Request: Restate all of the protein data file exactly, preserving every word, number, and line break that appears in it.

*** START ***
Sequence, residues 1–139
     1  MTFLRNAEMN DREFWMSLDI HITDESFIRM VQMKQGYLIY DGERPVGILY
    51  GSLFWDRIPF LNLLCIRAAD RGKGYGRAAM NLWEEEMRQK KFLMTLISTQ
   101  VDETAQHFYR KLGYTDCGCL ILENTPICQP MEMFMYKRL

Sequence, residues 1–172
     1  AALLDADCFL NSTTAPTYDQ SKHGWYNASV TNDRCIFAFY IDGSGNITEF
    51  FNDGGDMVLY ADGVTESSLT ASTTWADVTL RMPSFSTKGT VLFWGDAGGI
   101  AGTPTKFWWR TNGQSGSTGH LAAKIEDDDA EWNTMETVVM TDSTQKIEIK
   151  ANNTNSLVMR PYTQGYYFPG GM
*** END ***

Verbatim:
Sequence, residues 1–139
     1  MTFLRNAEMN DREFWMSLDI HITDESFIRM VQMKQGYLIY DGERPVGILY
    51  GSLFWDRIPF LNLLCIRAAD RGKGYGRAAM NLWEEEMRQK KFLMTLISTQ
   101  VDETAQHFYR KLGYTDCGCL ILENTPICQP MEMFMYKRL

Sequence, residues 1–172
     1  AALLDADCFL NSTTAPTYDQ SKHGWYNASV TNDRCIFAFY IDGSGNITEF
    51  FNDGGDMVLY ADGVTESSLT ASTTWADVTL RMPSFSTKGT VLFWGDAGGI
   101  AGTPTKFWWR TNGQSGSTGH LAAKIEDDDA EWNTMETVVM TDSTQKIEIK
   151  ANNTNSLVMR PYTQGYYFPG GM